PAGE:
It comes as little surprise that institutions like hospitals, universities, and military bases flock to Sysco's pre-cooked foods. But well-regarded bistros and pubs have also begun to offer such items to save time and money. Recently, New York magazine reported that Thomas Keller uses frozen Sysco fries at his Bouchon bistros. (While a company spokeswoman wouldn't confirm the brand, she confirmed the use of frozen fries.) Mickey Mantle's Restaurant, an upscale sports bar, serves Sysco's pre-made soups, like Manhattan clam chowder and vegetarian black bean. And then there's Edgar's restaurant at Belhurst Castle, which has won numerous awards of excellence from Wine Spectator magazine. There, the kitchen takes Sysco's Imperial Towering Chocolate Cake out of the box, lets it defrost, and then sprinkles it with fresh raspberries before serving it to diners. "We've had a lot of success with that cake," executive chef Casey Belile says. The Edgar's menu, of course, does not list the dessert as a Sysco pre-made cake, but it does charge $8.95 for the experience.

The company has a long history of championing frozen foods. Sysco founder John Baugh has been quoted as saying, "frozen foods taste better than anything I could grow in my garden." He started the company in 1969 when he saw an opening in the food services marketplace for a large, national distributor that would beat out local competitors through its sheer size. At the time, Baugh owned a small frozen-food company in Houston, and he convinced eight other regional food distributors to join forces to form a national conglomerate. Within a year of its start, Sysco posted more than $100 million in sales, and for the next 30 years, snapped up more than 150 local food distributors, becoming the largest in the nation. The company is about 50 percent larger than its next-largest competitor and five times bigger than the third-largest player; its boxes and cans are now as common in restaurant kitchens as salt and flour. A very partial listing of its better-known customers can be found here.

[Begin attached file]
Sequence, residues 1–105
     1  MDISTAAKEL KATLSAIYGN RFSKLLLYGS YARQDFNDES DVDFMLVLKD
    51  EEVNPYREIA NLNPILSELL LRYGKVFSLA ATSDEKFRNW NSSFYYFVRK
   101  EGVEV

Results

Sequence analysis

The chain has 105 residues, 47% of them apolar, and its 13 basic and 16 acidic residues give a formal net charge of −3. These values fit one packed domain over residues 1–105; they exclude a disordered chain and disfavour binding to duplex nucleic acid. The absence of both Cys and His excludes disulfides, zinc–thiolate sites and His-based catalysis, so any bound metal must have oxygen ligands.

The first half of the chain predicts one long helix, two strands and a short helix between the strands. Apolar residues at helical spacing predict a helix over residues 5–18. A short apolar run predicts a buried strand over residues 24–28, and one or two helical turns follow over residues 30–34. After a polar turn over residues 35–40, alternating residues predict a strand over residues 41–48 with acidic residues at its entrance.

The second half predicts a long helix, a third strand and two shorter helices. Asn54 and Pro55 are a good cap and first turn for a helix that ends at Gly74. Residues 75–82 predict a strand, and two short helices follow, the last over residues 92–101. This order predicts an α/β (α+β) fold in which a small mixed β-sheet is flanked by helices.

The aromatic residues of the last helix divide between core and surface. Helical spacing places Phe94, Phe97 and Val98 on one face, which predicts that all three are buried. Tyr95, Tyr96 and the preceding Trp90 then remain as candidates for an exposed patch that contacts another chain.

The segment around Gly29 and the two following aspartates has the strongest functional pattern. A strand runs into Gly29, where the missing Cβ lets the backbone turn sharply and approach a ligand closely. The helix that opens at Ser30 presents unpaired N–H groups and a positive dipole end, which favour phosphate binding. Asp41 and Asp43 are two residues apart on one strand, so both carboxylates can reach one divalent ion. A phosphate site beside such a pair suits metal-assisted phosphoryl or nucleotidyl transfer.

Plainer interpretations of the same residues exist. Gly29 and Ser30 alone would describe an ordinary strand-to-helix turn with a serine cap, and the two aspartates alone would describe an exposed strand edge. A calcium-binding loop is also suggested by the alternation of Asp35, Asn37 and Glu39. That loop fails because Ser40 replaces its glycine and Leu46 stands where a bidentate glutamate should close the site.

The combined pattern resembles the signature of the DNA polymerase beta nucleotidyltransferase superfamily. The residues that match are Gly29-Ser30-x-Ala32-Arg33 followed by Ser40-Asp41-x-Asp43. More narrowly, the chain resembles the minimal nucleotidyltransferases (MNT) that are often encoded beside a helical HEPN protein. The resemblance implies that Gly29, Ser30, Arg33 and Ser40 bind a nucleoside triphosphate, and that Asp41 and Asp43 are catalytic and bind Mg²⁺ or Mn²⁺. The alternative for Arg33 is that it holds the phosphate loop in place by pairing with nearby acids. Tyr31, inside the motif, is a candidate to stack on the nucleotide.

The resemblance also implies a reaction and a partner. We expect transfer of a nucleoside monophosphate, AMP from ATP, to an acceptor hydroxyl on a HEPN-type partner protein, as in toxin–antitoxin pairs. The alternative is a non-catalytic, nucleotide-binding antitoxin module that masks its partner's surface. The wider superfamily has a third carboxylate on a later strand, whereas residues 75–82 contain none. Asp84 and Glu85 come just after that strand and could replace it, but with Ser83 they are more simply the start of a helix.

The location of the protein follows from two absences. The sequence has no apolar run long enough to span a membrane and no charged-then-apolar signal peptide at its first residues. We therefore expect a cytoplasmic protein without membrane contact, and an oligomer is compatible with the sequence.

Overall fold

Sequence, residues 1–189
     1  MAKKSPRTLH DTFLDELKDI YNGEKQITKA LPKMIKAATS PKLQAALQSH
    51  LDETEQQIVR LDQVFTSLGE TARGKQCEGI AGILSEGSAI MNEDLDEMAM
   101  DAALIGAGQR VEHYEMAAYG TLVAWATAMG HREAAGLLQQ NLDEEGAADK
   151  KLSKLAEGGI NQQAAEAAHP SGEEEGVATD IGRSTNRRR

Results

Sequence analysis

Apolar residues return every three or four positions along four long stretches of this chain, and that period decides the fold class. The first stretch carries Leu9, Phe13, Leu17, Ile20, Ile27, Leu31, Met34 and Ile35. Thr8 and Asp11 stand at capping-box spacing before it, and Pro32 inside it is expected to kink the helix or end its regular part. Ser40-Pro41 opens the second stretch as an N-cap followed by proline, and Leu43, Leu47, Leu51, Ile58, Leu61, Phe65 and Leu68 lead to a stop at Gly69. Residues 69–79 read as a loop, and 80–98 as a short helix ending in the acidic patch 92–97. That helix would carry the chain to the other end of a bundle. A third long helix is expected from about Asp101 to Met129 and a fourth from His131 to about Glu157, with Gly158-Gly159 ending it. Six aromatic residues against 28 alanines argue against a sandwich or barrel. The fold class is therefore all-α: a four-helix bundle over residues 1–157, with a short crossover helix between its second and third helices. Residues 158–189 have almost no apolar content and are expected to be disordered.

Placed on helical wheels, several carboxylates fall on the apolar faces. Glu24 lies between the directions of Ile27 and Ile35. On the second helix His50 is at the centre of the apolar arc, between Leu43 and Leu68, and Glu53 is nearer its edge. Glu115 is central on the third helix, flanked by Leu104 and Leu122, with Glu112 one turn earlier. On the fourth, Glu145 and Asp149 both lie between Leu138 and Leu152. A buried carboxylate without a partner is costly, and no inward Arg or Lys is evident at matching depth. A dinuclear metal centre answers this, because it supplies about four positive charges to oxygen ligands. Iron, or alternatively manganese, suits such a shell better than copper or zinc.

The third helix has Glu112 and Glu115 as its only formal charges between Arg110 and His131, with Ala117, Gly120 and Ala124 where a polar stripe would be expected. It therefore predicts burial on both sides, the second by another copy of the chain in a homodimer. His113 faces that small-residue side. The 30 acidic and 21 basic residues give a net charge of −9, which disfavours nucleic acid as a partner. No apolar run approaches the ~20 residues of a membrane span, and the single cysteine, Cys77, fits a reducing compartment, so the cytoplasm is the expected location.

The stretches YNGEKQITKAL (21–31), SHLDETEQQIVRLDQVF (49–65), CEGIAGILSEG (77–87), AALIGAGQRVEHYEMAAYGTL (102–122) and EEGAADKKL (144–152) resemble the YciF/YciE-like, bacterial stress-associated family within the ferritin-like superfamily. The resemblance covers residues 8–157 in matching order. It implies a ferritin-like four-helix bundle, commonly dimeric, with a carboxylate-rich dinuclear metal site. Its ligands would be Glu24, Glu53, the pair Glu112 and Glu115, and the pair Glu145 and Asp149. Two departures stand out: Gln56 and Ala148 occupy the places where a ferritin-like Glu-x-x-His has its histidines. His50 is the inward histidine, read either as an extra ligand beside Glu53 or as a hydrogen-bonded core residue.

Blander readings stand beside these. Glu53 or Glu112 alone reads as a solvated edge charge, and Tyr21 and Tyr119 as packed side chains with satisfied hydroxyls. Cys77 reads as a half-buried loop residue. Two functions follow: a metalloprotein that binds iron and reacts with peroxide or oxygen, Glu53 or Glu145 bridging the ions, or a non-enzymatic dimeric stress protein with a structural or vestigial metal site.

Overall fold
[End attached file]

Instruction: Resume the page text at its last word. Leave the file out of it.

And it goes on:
Some obvious food trends have helped Sysco's rise to Wal-Mart-like dominance. In 1970, households spent 34 percent of their food budget on dining out, compared to almost 50 percent today. And as small, local farms have closed down to make way for strip malls, restaurants increasingly depend on regional and national food processors to supply them with basic ingredients. While Sysco has smartly capitalized on all of this as the middleman between individual food distributors and the kitchen door, it's also earned the ire of gourmets, who portray the company as a leviathan that destroys local economies—and good taste.

But many quality restaurants, like Tree Room, use Sysco responsibly—shying away from pre-made items they can disguise as their own. Bardia Ferdowski of Bardia's New Orleans Café in Washington, D.C., purchases only raw and unprocessed Sysco products such as flour, potatoes, and beef, and receives frequent deliveries so that ingredients are as fresh as possible. For its part, Sysco has also been upping the quality of some of its offerings. It now distributes more locally grown meats and produce, and teams up with companies like artisanal cheesemongerMurray's to deliver specialty foods. Chef Tom Hosack of Hudson's at the Heathman Lodge in Vancouver, Wash., for instance, buys most of his greens through Sysco, and they're almost all regionally grown.

And not every cook has the time—or the money—to spend every afternoon foraging for fresh heirloom tomatoes at the local farmer's market. Nor do they need to. Many of Sysco's products—the meat, the vegetables, the fruits—are not that different than what you'll find at your local supermarket. But no restaurant diner should pay a chef to defrost and heat. Cooks are called cooks for a reason.

This article first appeared in Slate in 2007.